Tricorynus herbarius, from PaDIL.

Belongs within: Bostrichoidea.
Contains: Xyletinini, Prothecini, Dorcatomini, Sphaericini, Ptinus, Ectrephini, Anobiini.

The Ptinidae are a cosmopolitan group of beetles including feeders on dried animal or plant matter, and borers in woody plants. Historically, many species have been included in a family Anobiidae, distinct from the Ptinidae sensu stricto (now Ptininae), but the two families are now regarded as synonymous.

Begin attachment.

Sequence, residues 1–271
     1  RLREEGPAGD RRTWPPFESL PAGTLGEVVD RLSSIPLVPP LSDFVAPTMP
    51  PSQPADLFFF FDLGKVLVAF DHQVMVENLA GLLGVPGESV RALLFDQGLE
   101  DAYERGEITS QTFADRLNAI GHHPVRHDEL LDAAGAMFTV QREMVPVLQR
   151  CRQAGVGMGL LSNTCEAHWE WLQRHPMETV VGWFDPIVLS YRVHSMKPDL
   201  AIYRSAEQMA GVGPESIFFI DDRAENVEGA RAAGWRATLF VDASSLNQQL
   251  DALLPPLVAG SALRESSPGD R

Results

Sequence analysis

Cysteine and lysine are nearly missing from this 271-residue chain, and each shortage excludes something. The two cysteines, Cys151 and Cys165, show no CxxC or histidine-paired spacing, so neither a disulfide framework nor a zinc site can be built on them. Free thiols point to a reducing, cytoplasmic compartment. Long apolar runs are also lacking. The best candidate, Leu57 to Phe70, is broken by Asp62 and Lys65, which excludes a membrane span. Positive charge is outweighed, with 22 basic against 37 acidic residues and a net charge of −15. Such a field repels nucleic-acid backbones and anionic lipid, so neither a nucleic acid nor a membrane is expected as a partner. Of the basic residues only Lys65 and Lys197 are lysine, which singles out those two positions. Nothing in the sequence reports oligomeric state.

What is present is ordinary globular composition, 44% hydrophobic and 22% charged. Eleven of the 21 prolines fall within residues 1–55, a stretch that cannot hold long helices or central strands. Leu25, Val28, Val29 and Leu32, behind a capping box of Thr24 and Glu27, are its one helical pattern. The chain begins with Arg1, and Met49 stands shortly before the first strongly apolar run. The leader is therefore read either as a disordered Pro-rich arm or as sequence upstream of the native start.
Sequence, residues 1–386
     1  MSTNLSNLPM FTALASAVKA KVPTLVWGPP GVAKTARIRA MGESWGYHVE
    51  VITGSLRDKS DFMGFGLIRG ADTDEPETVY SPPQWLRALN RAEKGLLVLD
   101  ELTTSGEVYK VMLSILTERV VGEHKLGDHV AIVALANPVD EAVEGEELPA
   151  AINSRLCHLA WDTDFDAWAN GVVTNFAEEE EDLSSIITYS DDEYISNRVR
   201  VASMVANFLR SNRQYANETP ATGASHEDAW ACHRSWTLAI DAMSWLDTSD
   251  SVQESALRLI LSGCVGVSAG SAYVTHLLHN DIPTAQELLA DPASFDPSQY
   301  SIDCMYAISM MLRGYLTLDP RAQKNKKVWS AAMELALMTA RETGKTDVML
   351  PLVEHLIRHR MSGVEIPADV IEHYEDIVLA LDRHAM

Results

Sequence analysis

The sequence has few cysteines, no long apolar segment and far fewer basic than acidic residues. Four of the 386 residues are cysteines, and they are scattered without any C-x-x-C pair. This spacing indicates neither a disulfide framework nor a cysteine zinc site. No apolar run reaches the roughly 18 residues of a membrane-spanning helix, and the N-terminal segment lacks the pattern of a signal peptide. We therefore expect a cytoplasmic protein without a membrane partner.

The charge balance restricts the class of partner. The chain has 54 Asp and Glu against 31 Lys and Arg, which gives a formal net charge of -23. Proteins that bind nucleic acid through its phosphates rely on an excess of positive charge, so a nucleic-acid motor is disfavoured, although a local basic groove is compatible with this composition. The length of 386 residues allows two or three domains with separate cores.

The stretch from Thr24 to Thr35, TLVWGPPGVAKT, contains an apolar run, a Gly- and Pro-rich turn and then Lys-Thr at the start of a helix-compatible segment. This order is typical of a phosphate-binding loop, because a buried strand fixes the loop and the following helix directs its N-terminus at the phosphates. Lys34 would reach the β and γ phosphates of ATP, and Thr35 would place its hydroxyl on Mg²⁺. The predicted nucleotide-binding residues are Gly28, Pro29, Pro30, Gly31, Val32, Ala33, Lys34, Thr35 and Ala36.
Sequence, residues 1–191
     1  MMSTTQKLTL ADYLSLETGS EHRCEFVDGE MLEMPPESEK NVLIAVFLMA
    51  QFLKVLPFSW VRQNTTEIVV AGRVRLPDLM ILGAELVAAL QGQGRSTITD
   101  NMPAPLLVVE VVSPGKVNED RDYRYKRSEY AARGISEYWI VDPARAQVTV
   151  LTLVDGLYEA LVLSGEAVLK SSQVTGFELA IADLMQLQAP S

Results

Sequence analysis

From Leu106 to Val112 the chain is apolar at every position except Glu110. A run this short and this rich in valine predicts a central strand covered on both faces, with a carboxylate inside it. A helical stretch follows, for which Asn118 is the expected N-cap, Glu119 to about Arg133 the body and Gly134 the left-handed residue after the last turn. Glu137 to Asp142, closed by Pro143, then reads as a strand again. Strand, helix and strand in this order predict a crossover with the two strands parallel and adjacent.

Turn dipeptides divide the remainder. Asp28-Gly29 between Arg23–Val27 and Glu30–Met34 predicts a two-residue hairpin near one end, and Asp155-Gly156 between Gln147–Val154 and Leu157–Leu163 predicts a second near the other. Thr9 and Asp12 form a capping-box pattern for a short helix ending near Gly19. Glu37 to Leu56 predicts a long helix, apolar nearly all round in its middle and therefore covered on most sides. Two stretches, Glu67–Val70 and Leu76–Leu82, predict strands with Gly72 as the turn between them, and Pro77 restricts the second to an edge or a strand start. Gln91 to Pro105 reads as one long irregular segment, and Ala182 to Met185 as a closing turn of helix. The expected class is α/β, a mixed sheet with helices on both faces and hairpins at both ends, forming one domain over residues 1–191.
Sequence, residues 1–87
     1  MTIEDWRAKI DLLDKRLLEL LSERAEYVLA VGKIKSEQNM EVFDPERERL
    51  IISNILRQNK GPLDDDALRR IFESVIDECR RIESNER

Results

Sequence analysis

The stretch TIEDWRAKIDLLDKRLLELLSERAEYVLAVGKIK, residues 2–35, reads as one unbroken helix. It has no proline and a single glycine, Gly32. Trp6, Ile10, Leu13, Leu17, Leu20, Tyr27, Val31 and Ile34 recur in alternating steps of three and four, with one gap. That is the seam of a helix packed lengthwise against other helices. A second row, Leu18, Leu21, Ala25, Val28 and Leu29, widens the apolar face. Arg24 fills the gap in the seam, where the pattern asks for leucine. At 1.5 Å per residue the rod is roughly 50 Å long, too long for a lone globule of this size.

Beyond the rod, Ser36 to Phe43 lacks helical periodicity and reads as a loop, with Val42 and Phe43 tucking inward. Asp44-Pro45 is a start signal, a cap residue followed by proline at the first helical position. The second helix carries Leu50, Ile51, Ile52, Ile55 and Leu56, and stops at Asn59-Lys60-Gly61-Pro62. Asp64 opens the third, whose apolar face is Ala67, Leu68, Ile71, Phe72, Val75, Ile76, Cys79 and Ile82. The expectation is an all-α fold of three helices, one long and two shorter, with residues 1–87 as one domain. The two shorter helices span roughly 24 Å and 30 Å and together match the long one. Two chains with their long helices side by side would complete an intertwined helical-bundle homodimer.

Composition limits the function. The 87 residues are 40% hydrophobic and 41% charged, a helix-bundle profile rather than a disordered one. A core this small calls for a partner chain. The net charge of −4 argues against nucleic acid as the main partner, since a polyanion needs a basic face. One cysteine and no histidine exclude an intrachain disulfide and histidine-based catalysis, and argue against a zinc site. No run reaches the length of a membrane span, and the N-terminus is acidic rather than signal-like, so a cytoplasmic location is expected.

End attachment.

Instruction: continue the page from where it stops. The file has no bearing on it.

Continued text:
Characters (from Philips 2002, as Anobiidae): Shape strongly convex, elongate and cylindrical to oval or globular; length 1.1 to 9.0 mm; color tan, brown or piceous, some with lighter patches of setae or scales in various patterns; vestiture fine, mostly recumbent or erect but some with both present, in distinct tufts in some, occasionally appearing absent. Head deflexed, inserted into prothorax, in some covered by pronotum; surface smooth, punctate, or rugose. Antennae mostly with 11 antennomeres, occasionally with 10, rarely three, with 1–2 segmented club in some, more frequently with last three elongate, especially in male; either filiform, serrate, pectinate, or rarely flabellate; inserted on frons in front of eyes, narrowly to widely separated at base. Labrum small, transverse; mandibles small, curved, apices acute, bidentate apically or medially (second tooth rarely absent); maxillary palp with four palpomeres, these short and slender, occasionally with apical palpomere expanded and truncate; gula distinct, gular sutures distinct and separate, mentum mostly quadrate; labial palp with three palpomeres, these small and slender, occasionally truncate or emarginate. Eyes lateral, small to large, bulging or flat, variously rounded, occasionally reduced. Pronotum as wide or wider than head, broadly oval to subquadrate, borders mostly completely margined laterally, margin may be present only at base or completely absent; surface smooth, punctate, or rugose; pleural region broad; prosternum very short, occasionally deeply excavated with mesosternum in front for head; procoxal cavities externally open, internally closed. Mesosternum short; mesocoxae moderately separated to separated by more than one coxal width, laterally coxae closed by sternum. Metasternum broad, convex. Elytra entire, rarely connate, striae punctate or absent, intervals smooth, punctate, or rugose, epipleural fold variable, mostly obscure. Scutellum triangular, small, hidden in some. Wing venation (if wings present) frequently reduced. Radius anterior (RA+) divided into two branches beyond or before middle of wing, but not extending and not forming a radial cell. Some with one or two cross-veins (r-r) from distal end of radius. Median spur in some nearly reaching wing margin. Proximal to media posterior (MP1+2) veins absent or up to four main branches present. AP3 absent although pigmentation occasionally visible at wing base. Wedge cell and/or jugal lobe present in some. Legs short to long, with trochantins partially exposed to completely hidden on fore and middle legs, procoxae small, globular to conical, most contiguous; mesocoxae small, subconical, nearly contiguous; hind coxae small, nearly contiguous, transverse, can be completely fused to metasternum, most excavated to various degrees for reception of femora; trochanters short to very long, interstitial on all legs, squarely attached to bases of femora; femora slender to swollen; tibiae slender, some spinose, spurs obscure; tarsal formula 5-5-5, tarsomeres slender in some, one to four decreasing in length; claws simple, small. Abdomen usually with five ventrites, strongly reduced in some, sutures entire or in some nearly obsolete, especially basally and at middle; 2 to 3 connate basally although rarely all five appearing fused or second and third fused, sculpture variable. Male genitalia trilobed; median lobe symmetrical or asymmetrical, curved, tubular, in some flattened apically or expanded, strongly curved at base dorsally where it articulates with base of parameres; parameres asymmetrical, or symmetrical, elongate; basal piece (pars basalis) forming cap over base of parameres or small piece at paramere base ventrally. Female genitalia with valvifers large, articulating closely with coxite; coxite large, partly membranous, with two deep folds; styli large; proctiger small. Larvae C-shaped; up to 10 mm in length; vestiture may be composed of many short to long setae, scattered over body; color white or nearly so. Head exserted or nearly so, rounded and hypognathous, stemmata absent or one per side. Antennae with one or two segments, small, or vestigial. Fronto-clypeal suture distinct, labrum free; mandibles short, stout, uni- or bidentate, with irregular cutting edges; mola, retinaculum, or protheca absent, subbasal pseudomola rarely present; maxilla with galea and lacinia; distinct cardo, stipes, and three or four segmented palpi; galea setiferous or spiny; lacinia small or absent, acute; labium with ligula and two-segmented palpi; hypopharyngeal sclerome absent or rarely present; hypostomal rods absent; ventral epicranial ridges absent; one pair of ocelli or ocelli absent. Thorax with five-segmented legs (rarely absent), each with two or more claw-like apical tarsunguli. Abdomen ten-segmented, ninth and tenth may be greatly reduced; segments in some with two or three variable dorsal plicae; mostly with rows of scattered asperites that are curved, straight, or hooked. Spiracles annular or annular-uniforous, located on prothorax and abdominal segments one to eight; crescent or U-shaped sclerome present around cephalic end of longitudinal anal slit; urogomphi absent.